Post-acute withdrawals are a leading cause of relapse in the first 3 to 6 months after achieving abstinence and can last for a year or longer with more severe dependencies. According to the NIDA,” Chronic exposure to drugs of abuse disrupts the way critical brain structures interact to control and inhibit behaviors related to drug use.”
Millions of people will find themselves trying to deal with internal and external stressors that they were used to avoiding while being able to use drugs and should they relapse, much worse off with feelings of inadequacies, discouragement, or shame after giving their best shot at trying to stay sober.
What Are Post-Acute Withdrawals?
Withdrawals are the combined miserable states of physical, psychological, and emotional stressors that erupt when the substances are removed. According to the research study by the Committee on the Neurobiology of Addictive Disorders, The Scripps Research Institute.” A common response to acute withdrawal and protracted abstinence from all major drugs of abuse is the manifestation of anxiety-like or aversive-like responses.”
Many drug abusers tend to think that once the drugs are out of their system and they have become oriented in a healthy and more positive lifestyle that the worst is over. In a sense, they may be half-right because, over time, the restoration of normal brain mechanisms and the changes one makes toward their recovery can significantly help sustain abstinence. However, there is much evidence to support the basis of long-term or permanent neuro-adaptations that take place and exacerbate negative emotional states long after the person detoxes from the drugs.
Why Do Post Acute Withdrawals Occur?
Addiction is a chronic disorder in brain regulation systems involving both stress and anti-stress modulators that are activated by drug use and persist in abstinence to increase the probability of relapse. All drugs of abuse that have the power to alter brain mechanisms in a rewarding way, such as euphoria or mood elevation will lead to opponent mechanisms that reinforce drug use behaviors in negative ways such as sensitization and withdrawals.
This is the brain’s way of trying to adapt to imbalances in the way it communicates and controls life-sustaining functions. Underlying these mechanisms is a complex array of conditioned responses to both internal and external triggers. According to the Harvard Medical School, “Importantly, even low-intensity stressors can be perceived as highly aversive if they are unpredictable or uncontrollable.”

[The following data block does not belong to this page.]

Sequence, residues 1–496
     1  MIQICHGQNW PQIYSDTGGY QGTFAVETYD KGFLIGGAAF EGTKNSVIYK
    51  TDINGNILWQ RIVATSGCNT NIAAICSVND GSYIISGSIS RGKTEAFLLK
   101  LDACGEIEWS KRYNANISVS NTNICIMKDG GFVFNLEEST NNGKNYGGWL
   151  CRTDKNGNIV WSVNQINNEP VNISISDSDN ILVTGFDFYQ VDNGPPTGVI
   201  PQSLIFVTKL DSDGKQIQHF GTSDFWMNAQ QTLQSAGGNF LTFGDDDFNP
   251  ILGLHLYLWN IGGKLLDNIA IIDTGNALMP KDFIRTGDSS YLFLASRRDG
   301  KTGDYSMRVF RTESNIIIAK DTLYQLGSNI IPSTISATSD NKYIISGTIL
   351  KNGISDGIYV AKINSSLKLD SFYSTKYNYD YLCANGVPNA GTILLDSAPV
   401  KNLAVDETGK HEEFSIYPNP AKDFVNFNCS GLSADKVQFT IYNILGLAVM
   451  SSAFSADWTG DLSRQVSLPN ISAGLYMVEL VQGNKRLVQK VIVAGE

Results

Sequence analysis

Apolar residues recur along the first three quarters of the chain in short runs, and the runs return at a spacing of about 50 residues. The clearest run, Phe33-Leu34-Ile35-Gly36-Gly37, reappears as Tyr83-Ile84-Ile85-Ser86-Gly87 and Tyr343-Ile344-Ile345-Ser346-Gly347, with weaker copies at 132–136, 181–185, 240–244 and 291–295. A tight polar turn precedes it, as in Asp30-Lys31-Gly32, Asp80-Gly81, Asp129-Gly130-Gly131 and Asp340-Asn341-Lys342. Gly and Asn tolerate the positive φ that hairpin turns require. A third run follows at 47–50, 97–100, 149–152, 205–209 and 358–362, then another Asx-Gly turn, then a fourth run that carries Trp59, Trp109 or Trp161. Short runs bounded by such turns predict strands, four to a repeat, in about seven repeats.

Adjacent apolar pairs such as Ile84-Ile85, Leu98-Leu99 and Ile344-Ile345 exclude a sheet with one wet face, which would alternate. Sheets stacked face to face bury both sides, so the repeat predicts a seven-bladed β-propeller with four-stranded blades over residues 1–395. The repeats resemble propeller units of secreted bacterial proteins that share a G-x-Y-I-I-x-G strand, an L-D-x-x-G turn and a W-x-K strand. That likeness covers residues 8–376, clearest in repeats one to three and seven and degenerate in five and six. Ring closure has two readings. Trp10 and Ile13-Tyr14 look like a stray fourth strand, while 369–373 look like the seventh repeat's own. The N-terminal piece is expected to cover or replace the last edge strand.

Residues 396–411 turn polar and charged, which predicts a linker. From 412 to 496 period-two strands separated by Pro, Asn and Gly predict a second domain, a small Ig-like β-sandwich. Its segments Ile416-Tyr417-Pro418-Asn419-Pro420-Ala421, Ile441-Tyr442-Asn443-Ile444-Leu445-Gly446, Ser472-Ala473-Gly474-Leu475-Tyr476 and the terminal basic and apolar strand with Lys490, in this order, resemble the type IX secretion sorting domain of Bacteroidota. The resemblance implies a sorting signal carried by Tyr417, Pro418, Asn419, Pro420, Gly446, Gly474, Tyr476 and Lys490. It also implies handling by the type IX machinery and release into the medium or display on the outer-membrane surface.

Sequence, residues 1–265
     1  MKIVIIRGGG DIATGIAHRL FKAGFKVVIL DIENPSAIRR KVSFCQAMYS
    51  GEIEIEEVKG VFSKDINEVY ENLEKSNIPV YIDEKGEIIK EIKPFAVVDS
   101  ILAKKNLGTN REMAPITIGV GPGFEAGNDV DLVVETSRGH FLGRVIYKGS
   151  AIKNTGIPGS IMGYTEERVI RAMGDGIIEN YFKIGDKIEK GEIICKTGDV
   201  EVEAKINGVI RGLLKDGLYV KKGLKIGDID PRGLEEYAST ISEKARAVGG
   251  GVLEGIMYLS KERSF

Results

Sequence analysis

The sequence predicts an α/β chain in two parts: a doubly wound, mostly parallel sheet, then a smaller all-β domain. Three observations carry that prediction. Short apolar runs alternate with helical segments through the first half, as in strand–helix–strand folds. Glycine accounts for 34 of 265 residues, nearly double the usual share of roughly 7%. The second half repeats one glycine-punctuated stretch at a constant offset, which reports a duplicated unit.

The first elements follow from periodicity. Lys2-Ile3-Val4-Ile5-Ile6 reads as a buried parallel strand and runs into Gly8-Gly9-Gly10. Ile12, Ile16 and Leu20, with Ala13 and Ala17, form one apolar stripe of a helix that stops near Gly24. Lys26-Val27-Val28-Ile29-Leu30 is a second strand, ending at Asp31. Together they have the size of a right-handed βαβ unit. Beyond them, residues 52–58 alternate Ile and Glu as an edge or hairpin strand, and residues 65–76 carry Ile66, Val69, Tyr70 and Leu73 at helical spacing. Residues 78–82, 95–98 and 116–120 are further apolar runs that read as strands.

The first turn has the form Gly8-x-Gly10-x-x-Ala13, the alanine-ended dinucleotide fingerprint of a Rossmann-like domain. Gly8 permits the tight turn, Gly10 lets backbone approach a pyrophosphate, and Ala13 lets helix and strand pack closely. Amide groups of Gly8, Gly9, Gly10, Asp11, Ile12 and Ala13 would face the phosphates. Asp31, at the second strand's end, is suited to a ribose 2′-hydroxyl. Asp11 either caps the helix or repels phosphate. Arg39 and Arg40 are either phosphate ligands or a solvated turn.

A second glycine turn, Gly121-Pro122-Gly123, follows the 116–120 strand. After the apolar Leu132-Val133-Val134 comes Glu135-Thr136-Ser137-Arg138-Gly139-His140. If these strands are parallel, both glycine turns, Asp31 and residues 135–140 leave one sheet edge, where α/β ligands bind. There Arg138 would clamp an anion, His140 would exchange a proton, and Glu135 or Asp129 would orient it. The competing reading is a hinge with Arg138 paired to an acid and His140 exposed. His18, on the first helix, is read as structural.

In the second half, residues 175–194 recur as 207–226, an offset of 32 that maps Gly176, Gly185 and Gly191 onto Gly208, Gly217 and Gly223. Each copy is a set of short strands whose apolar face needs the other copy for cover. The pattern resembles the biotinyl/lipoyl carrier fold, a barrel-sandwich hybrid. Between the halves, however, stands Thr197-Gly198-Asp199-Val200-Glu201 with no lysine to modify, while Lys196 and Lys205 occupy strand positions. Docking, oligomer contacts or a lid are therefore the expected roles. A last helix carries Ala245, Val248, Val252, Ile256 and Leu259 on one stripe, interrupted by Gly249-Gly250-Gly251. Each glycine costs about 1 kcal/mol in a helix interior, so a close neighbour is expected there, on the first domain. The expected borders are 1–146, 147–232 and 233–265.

Symptoms of Post-Acute Withdrawals
In a report from the University of Texas Health Science Center at San Antonio, “Anecdotal accounts from opioid abusers suggest that sights, sounds and smells previously associated with drug withdrawal can elicit withdrawal-like responses for months after discontinuation of opioids.” The most commonly reported post-acute withdrawal symptoms include:
- Unexpected cravings
- Uncontrollable mood swings
Managing Post-Acute Withdrawals
Managing post-acute withdrawals is often an issue that is inadequately addressed in some treatment practices, but, almost any addict can tell you that one of their biggest problems is the unanticipated anxiety and cravings for relief that sneaks up on them without awareness and even when they have been practicing their best recovery efforts.
While in treatment, encouragement to change, supervision, and monitoring efforts are beneficial in keeping an addict grounded and on their best behaviors, but, all too often, complacency, and stress are influential in exacerbating post-acute withdrawals where poorer behaviors often follow treatment. Dealing with post-acute withdrawals involves being able to anticipate the fact that the worst effects can appear at the most inopportune time and having a strategy in place to deal with them when they do.
Dealing with A Relapse
A relapse after significant time in abstinence should not be looked at as a failure, but, rather that renewed efforts to sustain recovery must be used. Relapse is a process that begins long before the actual act of drug consumption and post-acute withdrawals are only part of the picture in its cause, albeit, a huge part, if left unattended. Mental health and addiction go together to motivate or inhibit ongoing drug abuse and the brain relies on its natural defenses to keep things in check.
Counseling and support groups are highly advocated to help individuals deal with interpersonal problems, gain feedback and advice, and learn the strategies they need to identify, anticipate, and cope with triggers to relapse. Reentering treatment or participating in self-help groups can provide the critical support necessary to assist, encourage, and re-motivate recovery efforts. It’s the worst time to give up and one should remember, they did it once, they can do it again.
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